When Shorter Is Better

By Jace Bauserman

green star target and round ball target sitting in the dirt

The 22 Long Rifle is the kingpin of rimfire cartridges. It’s generally loaded with heavier bullets than 22 Long, Short and CB, and its rounds offer low recoil, solid range and mild report. Yet, despite such performance and the versatility to plink cans, punch paper and snipe small game, it hasn’t managed to drive its shorter brethren into extinction. Here’s why.

Big Things From Small Packages

The 22 Short is a stellar round that serves a variety of purposes. Created for self-defense when fired from a pocket pistol like the classic Derringer, the 22 Short evolved into other realms. In fact, until 2004, the round was used in the Olympics by those competing in the 25-Meter Rapid Fire Pistol Event.

The 22 Short is now coveted by plinkers and small-game hunters. It works great in suburban hunting environments. A stone-cold pest killer, the 22 Short is less noisy than the 22 LR and requires less of backstop. Coming out of the muzzle at 1,105 fps, CCI’s 27-grain Short Hollow Point rounds post a velocity that is significantly less than, say, 32-grain 22 LR Stingers, which leave the muzzle at 1,640 fps. This means reduced range, making the 22 Short a logical choice for suburban pest control and close-quarters small game hunting.

man looking down the scope of a resting rifle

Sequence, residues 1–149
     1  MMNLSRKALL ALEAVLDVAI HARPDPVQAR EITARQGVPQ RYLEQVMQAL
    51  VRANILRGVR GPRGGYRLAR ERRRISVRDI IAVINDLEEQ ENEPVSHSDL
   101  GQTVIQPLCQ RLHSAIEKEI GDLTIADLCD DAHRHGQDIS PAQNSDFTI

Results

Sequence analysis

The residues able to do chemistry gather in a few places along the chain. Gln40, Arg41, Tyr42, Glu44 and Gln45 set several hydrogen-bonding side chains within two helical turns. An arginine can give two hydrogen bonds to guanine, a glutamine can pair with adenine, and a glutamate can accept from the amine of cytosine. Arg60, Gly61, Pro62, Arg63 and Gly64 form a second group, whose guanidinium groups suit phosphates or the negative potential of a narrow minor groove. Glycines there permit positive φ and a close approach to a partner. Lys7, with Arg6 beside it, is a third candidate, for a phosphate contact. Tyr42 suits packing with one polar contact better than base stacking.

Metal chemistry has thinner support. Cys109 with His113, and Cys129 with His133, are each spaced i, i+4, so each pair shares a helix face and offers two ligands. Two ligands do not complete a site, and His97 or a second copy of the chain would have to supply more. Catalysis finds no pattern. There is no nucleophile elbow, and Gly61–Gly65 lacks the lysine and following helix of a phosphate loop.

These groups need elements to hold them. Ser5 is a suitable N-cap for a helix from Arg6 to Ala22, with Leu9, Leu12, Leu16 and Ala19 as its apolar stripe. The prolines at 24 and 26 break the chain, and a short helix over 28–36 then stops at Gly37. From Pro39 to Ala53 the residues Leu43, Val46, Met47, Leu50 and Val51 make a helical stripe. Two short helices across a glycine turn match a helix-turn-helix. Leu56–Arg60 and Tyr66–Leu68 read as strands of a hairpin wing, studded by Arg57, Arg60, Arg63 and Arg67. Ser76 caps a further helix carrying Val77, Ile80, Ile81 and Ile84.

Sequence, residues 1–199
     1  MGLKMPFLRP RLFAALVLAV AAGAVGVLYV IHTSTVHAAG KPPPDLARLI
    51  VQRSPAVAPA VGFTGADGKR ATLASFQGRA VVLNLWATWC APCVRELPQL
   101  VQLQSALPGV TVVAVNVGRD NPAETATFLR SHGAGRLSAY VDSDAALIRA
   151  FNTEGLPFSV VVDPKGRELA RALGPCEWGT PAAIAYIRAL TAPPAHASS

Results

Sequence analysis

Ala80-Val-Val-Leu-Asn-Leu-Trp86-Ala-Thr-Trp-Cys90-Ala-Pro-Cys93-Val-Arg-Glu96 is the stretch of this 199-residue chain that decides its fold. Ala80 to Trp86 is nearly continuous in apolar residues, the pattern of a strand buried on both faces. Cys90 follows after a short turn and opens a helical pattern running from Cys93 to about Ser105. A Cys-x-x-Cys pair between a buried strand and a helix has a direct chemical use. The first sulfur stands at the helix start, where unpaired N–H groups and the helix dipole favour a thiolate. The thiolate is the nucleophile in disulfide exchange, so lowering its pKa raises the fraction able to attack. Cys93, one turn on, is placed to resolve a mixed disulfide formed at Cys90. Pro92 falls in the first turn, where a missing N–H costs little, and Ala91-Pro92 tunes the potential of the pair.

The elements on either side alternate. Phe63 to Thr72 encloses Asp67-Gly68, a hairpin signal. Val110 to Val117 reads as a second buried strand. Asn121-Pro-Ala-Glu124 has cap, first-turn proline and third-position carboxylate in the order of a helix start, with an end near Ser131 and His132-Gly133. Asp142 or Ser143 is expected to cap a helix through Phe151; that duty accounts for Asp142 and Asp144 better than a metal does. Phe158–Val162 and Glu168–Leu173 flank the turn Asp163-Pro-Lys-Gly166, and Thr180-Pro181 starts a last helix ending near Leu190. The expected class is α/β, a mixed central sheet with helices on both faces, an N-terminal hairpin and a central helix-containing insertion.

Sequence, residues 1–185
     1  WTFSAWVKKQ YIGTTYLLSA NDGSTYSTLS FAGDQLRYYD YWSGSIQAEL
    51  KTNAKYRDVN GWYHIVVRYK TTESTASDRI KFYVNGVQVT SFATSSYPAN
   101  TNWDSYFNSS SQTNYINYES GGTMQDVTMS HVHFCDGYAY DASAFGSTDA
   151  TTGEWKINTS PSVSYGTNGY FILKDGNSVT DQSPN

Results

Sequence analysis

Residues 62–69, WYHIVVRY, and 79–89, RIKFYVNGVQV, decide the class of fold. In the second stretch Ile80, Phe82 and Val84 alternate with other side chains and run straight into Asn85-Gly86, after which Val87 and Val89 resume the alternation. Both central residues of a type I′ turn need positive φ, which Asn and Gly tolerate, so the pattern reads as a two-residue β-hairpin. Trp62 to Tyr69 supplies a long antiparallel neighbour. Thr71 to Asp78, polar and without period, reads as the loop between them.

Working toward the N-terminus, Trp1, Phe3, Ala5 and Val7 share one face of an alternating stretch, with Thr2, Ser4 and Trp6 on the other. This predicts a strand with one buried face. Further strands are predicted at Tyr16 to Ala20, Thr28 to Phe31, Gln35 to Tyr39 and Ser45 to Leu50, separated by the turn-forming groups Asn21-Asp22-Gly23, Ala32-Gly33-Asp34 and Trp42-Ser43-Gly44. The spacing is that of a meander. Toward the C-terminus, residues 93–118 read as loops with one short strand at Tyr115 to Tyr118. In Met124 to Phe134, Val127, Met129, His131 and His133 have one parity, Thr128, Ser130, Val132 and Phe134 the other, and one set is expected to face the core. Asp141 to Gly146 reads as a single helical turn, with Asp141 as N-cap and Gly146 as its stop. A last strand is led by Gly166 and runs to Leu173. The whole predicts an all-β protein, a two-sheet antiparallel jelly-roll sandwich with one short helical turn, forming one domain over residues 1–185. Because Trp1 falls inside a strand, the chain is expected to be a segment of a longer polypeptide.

Many 22 lovers also prefer the 22 Short’s hushed nature and lower power for teaching new shooters. Others use the round strictly for plinking—after all, the 22 Short was used in shooting galleries at fairs and arcades in until fairly recently.

Go Long

The second-most popular of the sub-22 LR rounds is the 22 Long. It uses a 22 LR case, but the bullet is shorter. The 22 LR measures, roughly, .975 inch long, and the 22 Long measures about .800 inch. Great for target practice and small game hunting, CCI’s 22 Long promises consistent accuracy and a muzzle velocity that’s faster than the 22 Short but around 425 fps slower than 22 LR.

Pick Up The CB

What about the lesser-known 22 CB? While this round doesn’t have the thump or range of the 22 LR, it’s about as loud as a pellet gun and still packs enough of a wallop to dispose of garden pests or bring down small game such as rabbit and squirrels. With no report to speak of, nuisance animals and small game don’t seem to detect the sound, which means stealthier hunting.

While the 22 CB tends to jam in most semi-automatic firearms due to its limited charge, it performs well in bolt-action rifles, revolvers and single-shots.